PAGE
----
“In a major vote of confidence for battery storage technologies capable of boosting clean energy, grid stability, and access to electricity in developing nations, the World Bank’s funding is expected to mobilise a further $4bn in concessional climate financing, and public and private investments”, writes Business Green.
The programme aims to finance 17.5GWh of battery storage by 2025, which is more than triple the 4-5GWh currently installed across all developing countries, the World Bank said.
World Bank Group President Jim Yong Kimdescribed the multi-billion dollar battery storage financing initiative as a “game-changer” for developing nations. “Battery storage can help countries leapfrog to the next generation of power generation technology, expand energy access, and set the stage for much cleaner, more stable, energy systems,” he said. “Batteries are critical to decarbonizing the world’s power systems. They allow us to store wind and solar energy and deploy it when it’s needed most to provide people with clean, affordable, round-the-clock power.”
The Accelerating Battery Storage for Development programme will finance and help de-risk investments such as utility scale solar parks with battery storage, off-grid systems and mini-grids, and standalone batteries that can help stabilise and strengthen energy grids, the World Bank said.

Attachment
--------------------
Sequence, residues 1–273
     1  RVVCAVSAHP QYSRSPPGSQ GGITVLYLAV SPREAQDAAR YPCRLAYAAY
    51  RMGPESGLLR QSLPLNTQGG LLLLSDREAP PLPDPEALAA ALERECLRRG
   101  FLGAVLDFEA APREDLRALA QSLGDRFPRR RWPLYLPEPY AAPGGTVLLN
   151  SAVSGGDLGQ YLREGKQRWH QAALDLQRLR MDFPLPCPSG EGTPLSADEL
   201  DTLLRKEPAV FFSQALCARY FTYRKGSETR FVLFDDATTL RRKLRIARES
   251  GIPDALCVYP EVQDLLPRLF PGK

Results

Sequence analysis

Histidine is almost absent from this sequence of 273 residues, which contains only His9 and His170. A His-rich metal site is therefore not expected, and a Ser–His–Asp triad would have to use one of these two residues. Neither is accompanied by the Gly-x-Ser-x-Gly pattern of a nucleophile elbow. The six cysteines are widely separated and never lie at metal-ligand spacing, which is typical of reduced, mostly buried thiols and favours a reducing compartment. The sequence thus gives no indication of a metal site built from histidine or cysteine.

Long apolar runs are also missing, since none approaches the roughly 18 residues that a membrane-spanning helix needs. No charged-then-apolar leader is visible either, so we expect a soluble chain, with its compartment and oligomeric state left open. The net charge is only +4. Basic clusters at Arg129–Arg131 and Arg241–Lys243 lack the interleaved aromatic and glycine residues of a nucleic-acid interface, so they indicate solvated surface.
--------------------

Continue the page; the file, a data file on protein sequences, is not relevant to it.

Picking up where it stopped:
It will also support large-scale demonstration projects for new storage technologies suitable for developing countries’ needs, such as long-lasting batteries which are resilient to harsh conditions and high temperatures.
In addition, the new programme will establish a new global think tank focused on battery storage, which will bring together national laboratories, research institutions, development agencies and philanthropic organisations to boost technological knowledge, training, and cooperation across the nascent sector.